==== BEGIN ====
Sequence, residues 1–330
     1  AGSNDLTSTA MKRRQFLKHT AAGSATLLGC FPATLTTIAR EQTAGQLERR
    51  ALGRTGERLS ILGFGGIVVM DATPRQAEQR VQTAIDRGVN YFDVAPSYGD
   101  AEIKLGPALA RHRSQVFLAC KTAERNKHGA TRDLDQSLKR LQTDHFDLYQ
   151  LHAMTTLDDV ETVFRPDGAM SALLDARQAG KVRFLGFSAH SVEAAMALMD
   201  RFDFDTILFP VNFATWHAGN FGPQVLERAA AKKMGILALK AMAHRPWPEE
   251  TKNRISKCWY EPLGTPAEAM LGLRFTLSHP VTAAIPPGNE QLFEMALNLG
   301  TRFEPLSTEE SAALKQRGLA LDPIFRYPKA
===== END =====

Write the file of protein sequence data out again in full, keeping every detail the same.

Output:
Sequence, residues 1–330
     1  AGSNDLTSTA MKRRQFLKHT AAGSATLLGC FPATLTTIAR EQTAGQLERR
    51  ALGRTGERLS ILGFGGIVVM DATPRQAEQR VQTAIDRGVN YFDVAPSYGD
   101  AEIKLGPALA RHRSQVFLAC KTAERNKHGA TRDLDQSLKR LQTDHFDLYQ
   151  LHAMTTLDDV ETVFRPDGAM SALLDARQAG KVRFLGFSAH SVEAAMALMD
   201  RFDFDTILFP VNFATWHAGN FGPQVLERAA AKKMGILALK AMAHRPWPEE
   251  TKNRISKCWY EPLGTPAEAM LGLRFTLSHP VTAAIPPGNE QLFEMALNLG
   301  TRFEPLSTEE SAALKQRGLA LDPIFRYPKA